The answer to this question is yes.

    Was it within the stated goal of this test to evaluate all 24 preamps at multiple "drive" levels on all these instruments? No.

    Some people have commented in the past that this test only shows how things will sound through a group of preamps driven at relatively conservative levels. That is very true.
    Lynn Fuston
    3D Audio

    Making beautiful music SEEM easy since 1979.

  6. #16
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    How conservative?

    I have used a Great River before, any idea of what notch you were operating at and for which sounds?
    That would give me a reference point for what kind of sound you were getting out of the River, as well as a reference point for how "conservative" you were running your gains.

    Were there significant differences between the preamps in the amount of headroom left from the gain level you chose compared to the amount each preamp had left to give before distorting? And do you have a rough idea of what the extremes might be (between most to give and least to give) and what preamps would be at those extremes?

    I realize that by using your calibration method it makes the comparisons "scientific."
    However, would you ever consider doing an "unscientific" comparison along side of a "scientific" comparison next time. so,... having audio files (like the DVD) which were calibrated, but also an extra session and extra files representing preamps driven to "just under" peaking/audible distortion.

    Of course I just doubled or tripled your work load,....(yikes!)
    but thought an unscientific comparison may give more of a "real world" comparison...(maybe not, just wondering, I suppose it depends on whether most engineers keep their preamps at conservative levels while recording or if they regularly push them to near max.)
    While listening to PreAmps in Paradise I was noticing how nicely some of the preamps "open up" with depth and sparkle as,...say the drummer hits the snare harder or drives the kick drum with a good thud

    ~ mike
    3D VIP

  7. #17
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    Quote Originally Posted by Mike Derrick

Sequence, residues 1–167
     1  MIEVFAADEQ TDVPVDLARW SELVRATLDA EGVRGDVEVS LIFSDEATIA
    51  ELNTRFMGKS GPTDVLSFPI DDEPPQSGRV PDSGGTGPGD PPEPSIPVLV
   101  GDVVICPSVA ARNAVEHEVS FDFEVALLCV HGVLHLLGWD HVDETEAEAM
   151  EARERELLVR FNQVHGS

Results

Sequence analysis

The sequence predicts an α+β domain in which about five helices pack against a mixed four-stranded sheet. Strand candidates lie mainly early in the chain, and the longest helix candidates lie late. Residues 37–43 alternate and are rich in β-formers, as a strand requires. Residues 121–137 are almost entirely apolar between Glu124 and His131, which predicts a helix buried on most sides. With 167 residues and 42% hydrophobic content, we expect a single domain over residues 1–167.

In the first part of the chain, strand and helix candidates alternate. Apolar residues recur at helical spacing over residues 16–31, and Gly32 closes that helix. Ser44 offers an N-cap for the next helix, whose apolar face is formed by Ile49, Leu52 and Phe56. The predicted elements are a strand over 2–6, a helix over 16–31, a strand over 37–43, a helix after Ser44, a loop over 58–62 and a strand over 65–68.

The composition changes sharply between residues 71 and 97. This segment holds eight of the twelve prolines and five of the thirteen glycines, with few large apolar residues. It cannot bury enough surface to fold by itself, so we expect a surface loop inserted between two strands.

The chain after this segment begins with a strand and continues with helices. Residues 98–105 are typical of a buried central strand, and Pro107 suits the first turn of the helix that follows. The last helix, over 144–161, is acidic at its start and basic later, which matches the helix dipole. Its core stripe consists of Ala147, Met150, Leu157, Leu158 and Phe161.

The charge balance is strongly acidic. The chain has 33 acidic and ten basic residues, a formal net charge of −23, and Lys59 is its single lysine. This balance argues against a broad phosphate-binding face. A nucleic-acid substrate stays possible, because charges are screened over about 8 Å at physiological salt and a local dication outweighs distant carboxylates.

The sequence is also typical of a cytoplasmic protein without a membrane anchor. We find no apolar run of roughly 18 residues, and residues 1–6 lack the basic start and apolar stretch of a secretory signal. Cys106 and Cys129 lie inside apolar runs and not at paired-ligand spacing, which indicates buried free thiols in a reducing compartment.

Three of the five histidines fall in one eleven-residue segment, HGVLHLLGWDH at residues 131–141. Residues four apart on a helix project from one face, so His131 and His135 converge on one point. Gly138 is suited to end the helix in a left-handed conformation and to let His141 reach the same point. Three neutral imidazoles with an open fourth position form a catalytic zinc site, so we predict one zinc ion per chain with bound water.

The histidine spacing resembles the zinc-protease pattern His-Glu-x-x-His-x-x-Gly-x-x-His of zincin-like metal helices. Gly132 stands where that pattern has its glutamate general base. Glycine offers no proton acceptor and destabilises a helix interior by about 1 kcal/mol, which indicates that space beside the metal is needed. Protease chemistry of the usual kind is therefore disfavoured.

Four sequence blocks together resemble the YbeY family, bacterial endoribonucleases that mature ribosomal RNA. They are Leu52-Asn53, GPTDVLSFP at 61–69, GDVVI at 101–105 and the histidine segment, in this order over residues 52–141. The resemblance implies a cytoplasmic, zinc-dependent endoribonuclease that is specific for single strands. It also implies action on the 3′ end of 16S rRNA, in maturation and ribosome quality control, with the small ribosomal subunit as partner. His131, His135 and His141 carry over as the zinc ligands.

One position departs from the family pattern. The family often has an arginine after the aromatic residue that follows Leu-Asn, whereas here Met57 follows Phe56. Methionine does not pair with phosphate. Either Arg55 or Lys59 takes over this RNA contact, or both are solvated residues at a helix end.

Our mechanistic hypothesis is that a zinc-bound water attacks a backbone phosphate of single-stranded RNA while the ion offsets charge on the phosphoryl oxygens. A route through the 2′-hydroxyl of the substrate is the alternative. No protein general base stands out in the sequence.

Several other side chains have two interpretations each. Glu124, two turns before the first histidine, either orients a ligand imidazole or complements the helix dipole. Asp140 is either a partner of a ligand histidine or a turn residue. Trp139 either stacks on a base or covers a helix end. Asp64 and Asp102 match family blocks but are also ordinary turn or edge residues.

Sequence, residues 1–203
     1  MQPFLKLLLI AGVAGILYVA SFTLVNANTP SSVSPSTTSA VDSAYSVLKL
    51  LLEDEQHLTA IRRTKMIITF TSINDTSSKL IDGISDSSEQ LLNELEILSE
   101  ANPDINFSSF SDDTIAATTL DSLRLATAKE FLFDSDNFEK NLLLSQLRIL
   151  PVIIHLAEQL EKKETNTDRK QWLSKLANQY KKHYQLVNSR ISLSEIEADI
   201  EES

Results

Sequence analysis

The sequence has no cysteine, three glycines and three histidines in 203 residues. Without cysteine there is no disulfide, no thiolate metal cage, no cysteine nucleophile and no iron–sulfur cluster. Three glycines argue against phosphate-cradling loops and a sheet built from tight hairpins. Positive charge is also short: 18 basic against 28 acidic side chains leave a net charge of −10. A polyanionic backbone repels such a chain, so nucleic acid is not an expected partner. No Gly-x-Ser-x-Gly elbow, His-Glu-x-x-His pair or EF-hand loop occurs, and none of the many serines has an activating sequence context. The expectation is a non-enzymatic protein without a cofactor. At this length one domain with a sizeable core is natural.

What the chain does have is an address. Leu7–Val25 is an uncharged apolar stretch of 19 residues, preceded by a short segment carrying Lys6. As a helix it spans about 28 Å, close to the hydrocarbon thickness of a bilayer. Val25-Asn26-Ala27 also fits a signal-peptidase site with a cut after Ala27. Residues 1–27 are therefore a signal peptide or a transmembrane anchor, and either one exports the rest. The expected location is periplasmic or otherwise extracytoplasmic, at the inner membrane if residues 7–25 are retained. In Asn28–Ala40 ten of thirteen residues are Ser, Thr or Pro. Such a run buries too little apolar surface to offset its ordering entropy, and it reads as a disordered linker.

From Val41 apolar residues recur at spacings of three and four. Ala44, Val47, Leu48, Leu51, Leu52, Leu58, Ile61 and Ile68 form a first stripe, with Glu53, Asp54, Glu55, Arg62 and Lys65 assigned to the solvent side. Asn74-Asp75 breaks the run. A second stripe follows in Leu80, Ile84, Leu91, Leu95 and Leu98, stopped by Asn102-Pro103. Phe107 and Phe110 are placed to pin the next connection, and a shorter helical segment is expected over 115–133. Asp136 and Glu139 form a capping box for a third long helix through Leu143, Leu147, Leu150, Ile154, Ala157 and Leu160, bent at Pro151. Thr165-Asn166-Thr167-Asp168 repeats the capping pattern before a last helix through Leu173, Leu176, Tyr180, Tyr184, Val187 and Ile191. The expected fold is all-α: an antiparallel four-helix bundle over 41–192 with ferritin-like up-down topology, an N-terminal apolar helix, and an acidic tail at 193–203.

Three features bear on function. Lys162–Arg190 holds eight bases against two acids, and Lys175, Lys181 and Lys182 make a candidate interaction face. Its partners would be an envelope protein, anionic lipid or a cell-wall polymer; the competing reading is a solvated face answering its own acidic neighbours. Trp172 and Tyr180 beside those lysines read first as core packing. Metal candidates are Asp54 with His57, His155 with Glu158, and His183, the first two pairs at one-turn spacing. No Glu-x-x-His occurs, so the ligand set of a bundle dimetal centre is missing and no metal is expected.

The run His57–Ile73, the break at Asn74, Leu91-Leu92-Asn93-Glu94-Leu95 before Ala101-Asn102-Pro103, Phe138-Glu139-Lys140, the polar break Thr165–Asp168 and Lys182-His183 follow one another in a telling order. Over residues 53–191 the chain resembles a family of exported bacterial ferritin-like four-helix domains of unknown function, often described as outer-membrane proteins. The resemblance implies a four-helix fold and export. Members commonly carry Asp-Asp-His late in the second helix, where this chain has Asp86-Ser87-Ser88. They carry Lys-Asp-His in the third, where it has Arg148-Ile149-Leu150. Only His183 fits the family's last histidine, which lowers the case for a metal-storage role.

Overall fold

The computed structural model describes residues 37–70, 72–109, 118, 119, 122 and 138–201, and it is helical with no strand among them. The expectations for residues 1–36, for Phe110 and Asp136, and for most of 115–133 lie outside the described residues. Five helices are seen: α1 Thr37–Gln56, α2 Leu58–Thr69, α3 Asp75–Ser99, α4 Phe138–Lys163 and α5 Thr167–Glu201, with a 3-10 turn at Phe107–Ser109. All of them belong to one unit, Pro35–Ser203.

How conservative?
    You can see the levels we printed. These days, leaving 1-4 dB of headroom instead of compressing/limiting and trying to push the digital record level up to .5 dB is what most people consider conservative.

    I still watch the analog meters on the console when setting levels. How old fashioned is that?

    I have the gain levels written down somewhere. They are not so low as you might think. They are the same levels I use when making records. But we weren't cranking the inputs and padding the outputs. That would've been unfair to those preamps that don't offer that option.
    Lynn Fuston
    3D Audio

    Making beautiful music SEEM easy since 1979.

  8. #18
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    Quote Originally Posted by Mike Derrick
    Were there significant differences between the preamps in the amount of headroom left from the gain level you chose compared to the amount each preamp had left to give before distorting? And do you have a rough idea of what the extremes might be (between most to give and least to give) and what preamps would be at those extremes?
    You can find out how much headroom each unit has by looking at the specs and comparing. We did not make any attempt to measure it. We had our hands full with the task at hand.

    I have no answer for your second question.
    Lynn Fuston
    3D Audio

    Making beautiful music SEEM easy since 1979.

  9. #19
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    Quote Originally Posted by 3daudioinc
    You can see the levels we printed. These days, leaving 1-4 dB of headroom instead of compressing/limiting and trying to push the digital record level up to .5 dB is what most people consider conservative.

    I still watch the analog meters on the console when setting levels. How old fashioned is that?

    I have the gain levels written down somewhere. They are not so low as you might think. They are the same levels I use when making records. But we weren't cranking the inputs and padding the outputs. That would've been unfair to those preamps that don't offer that option.
    Lynn,

    thanks for explaining, I assumed that you would have probably set-up so that most preamps would be reasonably cranked.
    It was interesting hearing Grant describe his preamp gain stages, which just further made me wonder what level you ended up using.
    However the fact that you said the levels were the same as levels you would use for everyday recording satisfies my curiousity.
    That's as real world as it gets.
    Thanks again to you and all involved for all the time, energy, and technical dedication you put into the Preamp in Paradise.
    The more I learn, the more I realize what an undertaking it was.

    ~ mike
    3D VIP